Twenty-five years ago, one business man invested heavily in the future he saw on Main Street

Just two decades ago, sports bars weren’t very common. This is a community story for locals and sports fans, about one of Richmond’s first sports bars, the changing city landscape around VCU and the retirement of one well-respected business owner.

One Richmond bar scores big and creates a legacy

While the city hosts numerous restaurants and acclaimed cuisine, we also have an often overlooked local sports bar–not a big chain–that’s worthy of a boisterous hurrah.

Mulligans Sport’s Grille first swung open its doors in 1990 to reveal about 20 televisions inside–none of them flat screens–all broadcasting sports games and commentary.

Think about that novelty. The playing field for sports bars used to be fairly empty of any competition.

Harken back to the early 90s, if you can. The daily routine was sans internet, cable television was not a household standard–and it certainly did not supply the multiple sports networks available now. There was an audible welcome from sports fans–to the extent that the dream of three men multiplied into six restaurants.

Mulligan’s first opened in Short Pump, before the area was the bustling “suburban downtown” that so many city dwellers love to hate. Now home to Capital Ale House, the space is 12,000 square feet.

The first store was so successful that by its second year, the bouncers came to work before the waitstaff.  They were needed to control the the crowds who would try to push inside when the waitresses arrived, as to stake early claim to the best seats in the house. The Wednesday concert series brought thousands to Innsbrook, and hundreds would just camp out at Mulligans, many taking in the concert from the comfort of the patio.

John Sweeney, along with the Hurley brothers, Mark and Matt, were experimental business owners. They tried off-the-wall things like “cook your own steak” night, where hot grills stood ready for the sports aficionado to meet tong to meet steak.

The investors ran with their game plan, opening a total of six locations. After the Innsbrook location came Mulligans in Mechanicsville, Sixth Street Market Place, Southside, the Fan and then Farmville.


Sixth Street Market Place being the failed city investment that it was, Mulligans bailed ship and in 1996 docked at its current Fan location, at Harvie and Main Streets. Of the six locations this spot is one of the two Mulligan’s that remain.

Some might remember that the bar Coyotes was formerly housed in that spot. Some might also remember that until 1985, the legal age for consuming libations was but 19, which meant a bar scene could thrive around Virginia Commonwealth University–at that time it was a commuter school.

Those few students who did live on campus were young enough to drink. Many a neighborhood businesses dried up when the drinking age changed, said Sweeney and by 1996 there really weren’t any bars in the area around Mulligans.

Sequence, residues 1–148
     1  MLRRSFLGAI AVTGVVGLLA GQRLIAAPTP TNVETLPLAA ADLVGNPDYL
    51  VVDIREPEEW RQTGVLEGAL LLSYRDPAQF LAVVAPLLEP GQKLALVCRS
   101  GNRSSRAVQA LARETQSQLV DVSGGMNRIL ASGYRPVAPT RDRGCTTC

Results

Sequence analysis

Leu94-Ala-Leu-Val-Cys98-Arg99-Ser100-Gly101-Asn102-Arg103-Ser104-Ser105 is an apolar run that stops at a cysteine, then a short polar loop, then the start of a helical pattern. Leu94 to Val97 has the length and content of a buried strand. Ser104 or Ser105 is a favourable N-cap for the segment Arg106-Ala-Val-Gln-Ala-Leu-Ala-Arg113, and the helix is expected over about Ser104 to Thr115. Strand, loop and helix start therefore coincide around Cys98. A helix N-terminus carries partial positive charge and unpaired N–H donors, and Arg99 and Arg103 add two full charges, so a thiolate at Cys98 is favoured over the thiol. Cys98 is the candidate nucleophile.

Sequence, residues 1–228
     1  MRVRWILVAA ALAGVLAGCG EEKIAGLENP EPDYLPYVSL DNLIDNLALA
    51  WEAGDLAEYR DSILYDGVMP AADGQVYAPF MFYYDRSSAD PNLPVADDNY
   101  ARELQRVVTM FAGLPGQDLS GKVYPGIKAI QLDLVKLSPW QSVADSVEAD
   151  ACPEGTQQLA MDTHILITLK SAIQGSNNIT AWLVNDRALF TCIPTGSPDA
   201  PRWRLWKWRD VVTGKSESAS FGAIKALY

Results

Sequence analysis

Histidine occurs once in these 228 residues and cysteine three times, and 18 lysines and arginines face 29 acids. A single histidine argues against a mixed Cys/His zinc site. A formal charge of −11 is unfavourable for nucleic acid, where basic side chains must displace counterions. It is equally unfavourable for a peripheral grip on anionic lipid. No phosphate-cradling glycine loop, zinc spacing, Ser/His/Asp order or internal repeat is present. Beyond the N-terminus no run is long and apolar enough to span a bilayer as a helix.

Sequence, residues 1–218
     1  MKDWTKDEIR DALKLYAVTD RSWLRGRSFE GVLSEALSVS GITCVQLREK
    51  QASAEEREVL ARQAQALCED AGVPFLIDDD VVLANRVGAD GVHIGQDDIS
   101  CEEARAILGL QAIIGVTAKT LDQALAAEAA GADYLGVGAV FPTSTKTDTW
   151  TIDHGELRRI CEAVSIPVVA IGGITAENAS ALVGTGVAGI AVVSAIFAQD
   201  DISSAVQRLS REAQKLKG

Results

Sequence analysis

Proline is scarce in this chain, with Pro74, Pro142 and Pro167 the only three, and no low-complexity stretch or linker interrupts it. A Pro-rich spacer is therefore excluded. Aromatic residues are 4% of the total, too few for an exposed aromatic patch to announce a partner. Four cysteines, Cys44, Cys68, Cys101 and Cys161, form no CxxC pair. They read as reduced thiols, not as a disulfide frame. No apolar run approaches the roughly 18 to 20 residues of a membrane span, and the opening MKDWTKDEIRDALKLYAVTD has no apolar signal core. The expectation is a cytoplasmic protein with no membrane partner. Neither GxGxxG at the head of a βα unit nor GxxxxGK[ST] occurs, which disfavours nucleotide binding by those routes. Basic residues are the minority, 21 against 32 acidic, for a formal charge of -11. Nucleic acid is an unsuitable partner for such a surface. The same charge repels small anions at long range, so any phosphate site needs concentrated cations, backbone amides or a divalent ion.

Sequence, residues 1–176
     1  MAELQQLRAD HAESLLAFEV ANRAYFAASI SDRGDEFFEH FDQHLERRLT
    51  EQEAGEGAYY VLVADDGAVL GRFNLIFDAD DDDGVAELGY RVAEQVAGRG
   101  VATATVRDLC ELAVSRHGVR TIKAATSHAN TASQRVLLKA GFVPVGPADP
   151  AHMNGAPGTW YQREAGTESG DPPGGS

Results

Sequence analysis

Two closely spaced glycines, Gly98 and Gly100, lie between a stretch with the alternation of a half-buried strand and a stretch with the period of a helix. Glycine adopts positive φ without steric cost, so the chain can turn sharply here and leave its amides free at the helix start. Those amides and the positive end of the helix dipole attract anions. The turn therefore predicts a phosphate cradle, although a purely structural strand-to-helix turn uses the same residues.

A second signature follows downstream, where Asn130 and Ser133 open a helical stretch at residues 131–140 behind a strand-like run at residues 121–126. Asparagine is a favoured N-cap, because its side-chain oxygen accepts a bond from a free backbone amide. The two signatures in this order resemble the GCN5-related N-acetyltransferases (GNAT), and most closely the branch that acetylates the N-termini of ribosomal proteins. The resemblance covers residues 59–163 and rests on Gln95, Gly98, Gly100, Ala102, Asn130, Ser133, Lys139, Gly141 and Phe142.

In fact, Main Street ran through the VCU area without yielding many options at all. The VCU area pretty much ended a few blocks east of Mulligan’s, the main anchors of the area were 7-11 and Piccola’s Pizzeria, at Harrison Street. One big block west of the bar was the former Border Cafe (now Bellytimber), but the streets were mostly vacant and dim.


Ed Eck, of Eck Enterprises, had a lot to do with the transformation of the dreary area.

In the late 80s, extensive remodeling and fresh pastel paint shined up a lot of the properties Eck had purchased along the long, two-block stretch of Main Street buildings.

Eck’s first business, supplying electrical materials, was near the Gold’s Gym off Harvie Street. When city businesses began an exodus over the county lines, Eck chose instead to invest in the Richmond area.

It took awhile though, and the area still doesn’t have the same sort of miniature Shockoe Bottom appeal like the area farther up at Main and Robinson Streets.

Style Weekly and once had headquarters in the strip around Mulligan’s, along with a handful of other businesses. Still, it wasn’t quite the mixed-use space it has slowly become.

Sweeney made the decision to touch down at that location because he thought it had a lot potential, the building was open and the place was already built out for a bar, with a kitchen. “We liked taking places that didn’t make it and turning them around,” he said.

He thinks the Fan area is a lot safer now. “Individual businesses and people added lights and safety, but the city really could step it up,” said Sweeney.

Eck also helped convert much of the dilapidated, boarded-up homes along Cary, starting at Meadow and heading east. The area was replaced with new buildings, businesses and renovated apartments. Lights came up and in moved people.

Also fueling the progress machine was the VCU transition over the the past decade, from commuter school to college university.

To understand how pivotal Eck has been in transforming this downtown stretch, take a quick glance at the business community he enabled: Little Mexico, Gold’s Gym, Uptown Color, PharrOut, Rev It Up!, City Dogs, Capitalmac, and Uptown Gallery–and that is not the entire list.

“The city’s vision was good but citizens had the vision and resources–and the desire to keep the architecture,” said Sweeney. “It was smart urban planning with the mixed-use retail.”